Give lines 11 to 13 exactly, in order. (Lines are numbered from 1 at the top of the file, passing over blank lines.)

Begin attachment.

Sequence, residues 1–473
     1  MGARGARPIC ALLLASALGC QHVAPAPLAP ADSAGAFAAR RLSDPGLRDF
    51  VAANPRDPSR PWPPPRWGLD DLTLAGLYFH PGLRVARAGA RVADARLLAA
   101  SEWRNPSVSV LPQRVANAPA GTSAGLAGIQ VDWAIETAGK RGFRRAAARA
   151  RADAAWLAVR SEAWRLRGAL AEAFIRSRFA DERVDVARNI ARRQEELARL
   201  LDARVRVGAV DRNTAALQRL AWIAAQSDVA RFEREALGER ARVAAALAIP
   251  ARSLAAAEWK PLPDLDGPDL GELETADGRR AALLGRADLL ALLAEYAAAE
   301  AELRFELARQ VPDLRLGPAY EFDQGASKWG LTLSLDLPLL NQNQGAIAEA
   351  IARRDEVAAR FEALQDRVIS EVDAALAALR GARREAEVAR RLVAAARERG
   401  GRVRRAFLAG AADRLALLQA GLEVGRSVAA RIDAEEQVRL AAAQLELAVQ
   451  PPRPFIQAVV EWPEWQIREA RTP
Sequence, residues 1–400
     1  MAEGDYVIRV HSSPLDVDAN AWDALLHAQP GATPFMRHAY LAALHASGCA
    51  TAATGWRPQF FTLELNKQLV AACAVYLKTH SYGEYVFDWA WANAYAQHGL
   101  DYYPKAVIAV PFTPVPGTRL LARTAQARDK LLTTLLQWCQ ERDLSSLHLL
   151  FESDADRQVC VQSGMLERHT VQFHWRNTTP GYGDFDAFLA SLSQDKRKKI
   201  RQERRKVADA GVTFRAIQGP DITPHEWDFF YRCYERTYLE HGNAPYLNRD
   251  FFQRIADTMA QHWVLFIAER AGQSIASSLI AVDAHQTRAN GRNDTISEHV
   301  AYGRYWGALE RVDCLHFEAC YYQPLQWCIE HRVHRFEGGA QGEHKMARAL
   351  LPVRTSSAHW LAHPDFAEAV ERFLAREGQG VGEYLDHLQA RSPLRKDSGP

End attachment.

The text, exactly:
   451  PPRPFIQAVV EWPEWQIREA RTP
Sequence, residues 1–400
     1  MAEGDYVIRV HSSPLDVDAN AWDALLHAQP GATPFMRHAY LAALHASGCA